- You are in an area where heavy traffic or other problems may slow you down.
Call 911 Now
Based on your answers, you need emergency care.
Call 911 or other emergency services now.
Sometimes people don't want to call 911. They may think that their symptoms aren't serious or that they can just get someone else to drive them. Or they might be concerned about the cost. But based on your answers, the safest and quickest way for you to get the care you need is to call 911 for medical transport to the hospital.
Seek Care Today
Based on your answers, you may need care soon. The problem probably will not get better without medical care.
- Call your doctor today to discuss the symptoms and arrange for care.
- If you cannot reach your doctor or you don't have one, seek care today.
- If it is evening, watch the symptoms and seek care in the morning.
- If the symptoms get worse, seek care sooner.
Make an Appointment
Based on your answers, the problem may not improve without medical care.
- Make an appointment to see your doctor in the next 1 to 2 weeks.
- If appropriate, try home treatment while you are waiting for the appointment.
- If symptoms get worse or you have any concerns, call your doctor. You may need care sooner.
Most minor eye injuries can be treated at home.
- Use a sterile bandage or cloth.
- If you have a cut on your eyelid, apply a sterile bandage to protect the area. If you don't have a sterile bandage, use a clean cloth.
- Don't use fluffy cotton bandages around the eye. They could tear apart and get stuck in the eye.
- Keep the bandage clean and dry.
- Reduce swelling.
- To reduce swelling around the eye, apply ice or cold packs for 15 minutes 3 or 4 times a day during the first 48 hours after the injury. The sooner you apply a cold pack, the less swelling you are likely to have. Place a cloth between the ice and your skin.
- Keep your head elevated. This helps reduce swelling.
- After the swelling goes down, try warm compresses to help relieve pain.
- Don't use chemical cooling packs on or near the eye. If the pack leaks, the chemicals could cause more eye damage.
- Don't use a piece of raw meat on an injured eye.
- Use pain medicine.
Try a nonprescription pain medicine such as acetaminophen, ibuprofen, or aspirin to relieve pain. It's not recommended that you take aspirin if you are age 20 or younger.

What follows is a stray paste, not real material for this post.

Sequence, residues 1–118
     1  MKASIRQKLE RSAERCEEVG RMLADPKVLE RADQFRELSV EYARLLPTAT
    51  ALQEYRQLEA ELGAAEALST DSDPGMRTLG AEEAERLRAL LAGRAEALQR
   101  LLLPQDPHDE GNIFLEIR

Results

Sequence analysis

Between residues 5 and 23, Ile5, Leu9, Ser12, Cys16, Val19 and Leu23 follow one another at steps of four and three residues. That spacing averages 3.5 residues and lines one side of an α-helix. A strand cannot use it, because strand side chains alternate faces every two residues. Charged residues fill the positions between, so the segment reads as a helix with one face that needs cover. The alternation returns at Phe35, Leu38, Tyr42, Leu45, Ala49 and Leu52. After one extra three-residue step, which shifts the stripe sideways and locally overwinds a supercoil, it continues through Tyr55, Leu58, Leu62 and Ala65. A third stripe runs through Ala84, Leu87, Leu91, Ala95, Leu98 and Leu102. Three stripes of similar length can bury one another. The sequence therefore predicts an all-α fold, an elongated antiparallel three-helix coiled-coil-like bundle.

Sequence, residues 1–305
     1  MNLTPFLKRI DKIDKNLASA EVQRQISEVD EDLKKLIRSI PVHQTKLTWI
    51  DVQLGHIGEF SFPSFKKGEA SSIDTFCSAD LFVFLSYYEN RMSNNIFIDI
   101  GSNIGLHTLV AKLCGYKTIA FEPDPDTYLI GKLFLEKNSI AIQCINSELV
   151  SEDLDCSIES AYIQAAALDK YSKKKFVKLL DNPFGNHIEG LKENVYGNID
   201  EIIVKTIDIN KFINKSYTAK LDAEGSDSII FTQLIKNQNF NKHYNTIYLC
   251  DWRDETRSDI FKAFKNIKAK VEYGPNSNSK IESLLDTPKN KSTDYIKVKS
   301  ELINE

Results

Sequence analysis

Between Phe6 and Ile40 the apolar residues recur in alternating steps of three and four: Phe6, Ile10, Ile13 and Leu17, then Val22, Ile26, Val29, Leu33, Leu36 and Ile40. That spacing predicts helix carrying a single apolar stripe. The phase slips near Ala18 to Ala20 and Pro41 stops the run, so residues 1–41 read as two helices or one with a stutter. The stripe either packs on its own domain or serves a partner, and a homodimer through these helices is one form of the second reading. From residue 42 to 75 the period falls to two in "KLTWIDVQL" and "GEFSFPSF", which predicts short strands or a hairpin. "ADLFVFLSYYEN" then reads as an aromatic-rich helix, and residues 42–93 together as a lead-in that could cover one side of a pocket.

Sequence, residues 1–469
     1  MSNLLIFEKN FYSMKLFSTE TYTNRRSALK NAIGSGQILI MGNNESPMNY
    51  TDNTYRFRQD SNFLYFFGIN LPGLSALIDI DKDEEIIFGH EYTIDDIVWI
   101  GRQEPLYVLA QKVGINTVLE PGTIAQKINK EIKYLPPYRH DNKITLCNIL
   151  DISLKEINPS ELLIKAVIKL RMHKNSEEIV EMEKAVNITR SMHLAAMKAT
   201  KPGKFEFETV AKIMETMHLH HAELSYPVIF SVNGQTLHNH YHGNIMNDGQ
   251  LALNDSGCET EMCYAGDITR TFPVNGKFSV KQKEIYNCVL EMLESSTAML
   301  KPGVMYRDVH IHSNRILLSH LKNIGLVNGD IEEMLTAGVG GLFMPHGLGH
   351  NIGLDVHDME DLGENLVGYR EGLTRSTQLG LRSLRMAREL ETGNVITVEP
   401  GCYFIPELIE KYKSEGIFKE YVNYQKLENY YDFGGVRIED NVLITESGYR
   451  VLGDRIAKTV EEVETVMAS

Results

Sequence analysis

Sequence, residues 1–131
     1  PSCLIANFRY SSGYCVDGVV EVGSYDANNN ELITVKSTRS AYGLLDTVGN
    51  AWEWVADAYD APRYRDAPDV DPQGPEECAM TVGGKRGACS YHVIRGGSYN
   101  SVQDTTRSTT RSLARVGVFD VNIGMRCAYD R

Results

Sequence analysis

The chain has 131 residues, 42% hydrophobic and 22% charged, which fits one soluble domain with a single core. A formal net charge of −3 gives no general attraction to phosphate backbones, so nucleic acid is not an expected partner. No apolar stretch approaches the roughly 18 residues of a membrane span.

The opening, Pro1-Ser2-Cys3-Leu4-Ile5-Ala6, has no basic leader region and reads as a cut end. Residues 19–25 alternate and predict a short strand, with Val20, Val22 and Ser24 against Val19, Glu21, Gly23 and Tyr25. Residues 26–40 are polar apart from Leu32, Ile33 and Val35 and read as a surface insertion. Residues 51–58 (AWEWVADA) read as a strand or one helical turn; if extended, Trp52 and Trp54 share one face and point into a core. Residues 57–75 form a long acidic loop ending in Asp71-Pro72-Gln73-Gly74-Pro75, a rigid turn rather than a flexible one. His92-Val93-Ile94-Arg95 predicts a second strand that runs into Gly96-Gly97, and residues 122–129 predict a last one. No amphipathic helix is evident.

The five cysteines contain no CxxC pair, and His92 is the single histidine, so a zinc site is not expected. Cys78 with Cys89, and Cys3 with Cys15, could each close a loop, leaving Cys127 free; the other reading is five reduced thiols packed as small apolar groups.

- Get more help for children.
- Having another adult help you treat the child is a good idea. Using first aid for an eye injury in a child may be hard. It depends on the child's age, size, and ability to cooperate.
- Stay calm, and talk in a soothing voice. Use slow, gentle movements to help the child stay calm and cooperative. A struggling child may need to be held strongly so that first aid can be started and so that you can assess how serious the eye injury is.
If you are concerned that your eye symptoms may be more serious, you may need to check with your doctor.
Using a cold pack
Ice and cold packs can reduce the pain, swelling, and bleeding of an injury. Cold therapy is usually used immediately after an injury.
For an eye injury, use one of the following methods:
- Ice towel.
Wet a towel with cold water and squeeze it until it is just damp. Fold the towel, place it in a plastic bag, and freeze it for 15 minutes. Remove the towel from the bag and place it on the eye. Use this method when an ice pack is too heavy to put on the eye.
- Ice pack.
Place ice in a plastic, leak-proof bag wrapped in a single layer of cloth, such as a towel or washcloth. The ice can be cracked into small pieces to make the pack more flexible. Do not place ice directly on the skin.
- Frozen food pack.
Use a small bag of frozen peas or corn wrapped in a towel.
Do not use chemical cooling packs. If the pack leaks, the chemicals could cause more eye damage.
When to call for help during self-care
Call a doctor if any of the following occur during self-care at home:
- Vision changes, such as blurred vision, loss of vision, or double vision.
- Pain or drainage that does not get better.
- New blood in the eye.
- New sensitivity to light.
- New signs of infection, such as redness, swelling, pus, or a fever.
- Symptoms occur more often or are more severe.
- Aspirin for Pain, Fever, and Inflammation
- Nonsteroidal Anti-Inflammatory Drugs (NSAIDs)
- Quick Tips: Safely Giving Over-the-Counter Medicines to Children
Preparing For Your Appointment
You can help your doctor diagnose and treat your condition by being prepared for your appointment.